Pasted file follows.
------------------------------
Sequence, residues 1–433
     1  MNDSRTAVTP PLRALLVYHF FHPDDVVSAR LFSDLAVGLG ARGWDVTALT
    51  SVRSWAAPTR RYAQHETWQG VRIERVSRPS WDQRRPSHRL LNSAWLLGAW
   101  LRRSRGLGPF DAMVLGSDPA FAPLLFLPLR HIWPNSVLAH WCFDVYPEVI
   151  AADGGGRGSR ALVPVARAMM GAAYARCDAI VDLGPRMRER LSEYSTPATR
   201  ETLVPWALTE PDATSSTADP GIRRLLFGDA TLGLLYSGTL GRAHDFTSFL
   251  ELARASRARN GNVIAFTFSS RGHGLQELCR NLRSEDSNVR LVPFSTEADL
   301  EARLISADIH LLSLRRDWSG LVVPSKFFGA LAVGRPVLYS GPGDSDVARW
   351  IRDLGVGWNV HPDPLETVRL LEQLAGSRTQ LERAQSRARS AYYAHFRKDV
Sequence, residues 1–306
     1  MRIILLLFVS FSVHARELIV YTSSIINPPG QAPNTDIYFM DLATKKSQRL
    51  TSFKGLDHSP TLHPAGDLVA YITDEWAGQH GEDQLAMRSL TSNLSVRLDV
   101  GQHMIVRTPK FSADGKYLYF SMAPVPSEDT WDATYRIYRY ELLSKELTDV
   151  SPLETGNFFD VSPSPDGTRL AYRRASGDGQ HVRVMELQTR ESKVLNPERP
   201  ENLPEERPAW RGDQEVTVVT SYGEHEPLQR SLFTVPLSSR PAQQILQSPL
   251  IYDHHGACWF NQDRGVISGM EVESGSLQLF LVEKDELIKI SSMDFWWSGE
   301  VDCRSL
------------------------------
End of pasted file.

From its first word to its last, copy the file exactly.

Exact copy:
Sequence, residues 1–433
     1  MNDSRTAVTP PLRALLVYHF FHPDDVVSAR LFSDLAVGLG ARGWDVTALT
    51  SVRSWAAPTR RYAQHETWQG VRIERVSRPS WDQRRPSHRL LNSAWLLGAW
   101  LRRSRGLGPF DAMVLGSDPA FAPLLFLPLR HIWPNSVLAH WCFDVYPEVI
   151  AADGGGRGSR ALVPVARAMM GAAYARCDAI VDLGPRMRER LSEYSTPATR
   201  ETLVPWALTE PDATSSTADP GIRRLLFGDA TLGLLYSGTL GRAHDFTSFL
   251  ELARASRARN GNVIAFTFSS RGHGLQELCR NLRSEDSNVR LVPFSTEADL
   301  EARLISADIH LLSLRRDWSG LVVPSKFFGA LAVGRPVLYS GPGDSDVARW
   351  IRDLGVGWNV HPDPLETVRL LEQLAGSRTQ LERAQSRARS AYYAHFRKDV
Sequence, residues 1–306
     1  MRIILLLFVS FSVHARELIV YTSSIINPPG QAPNTDIYFM DLATKKSQRL
    51  TSFKGLDHSP TLHPAGDLVA YITDEWAGQH GEDQLAMRSL TSNLSVRLDV
   101  GQHMIVRTPK FSADGKYLYF SMAPVPSEDT WDATYRIYRY ELLSKELTDV
   151  SPLETGNFFD VSPSPDGTRL AYRRASGDGQ HVRVMELQTR ESKVLNPERP
   201  ENLPEERPAW RGDQEVTVVT SYGEHEPLQR SLFTVPLSSR PAQQILQSPL
   251  IYDHHGACWF NQDRGVISGM EVESGSLQLF LVEKDELIKI SSMDFWWSGE
   301  VDCRSL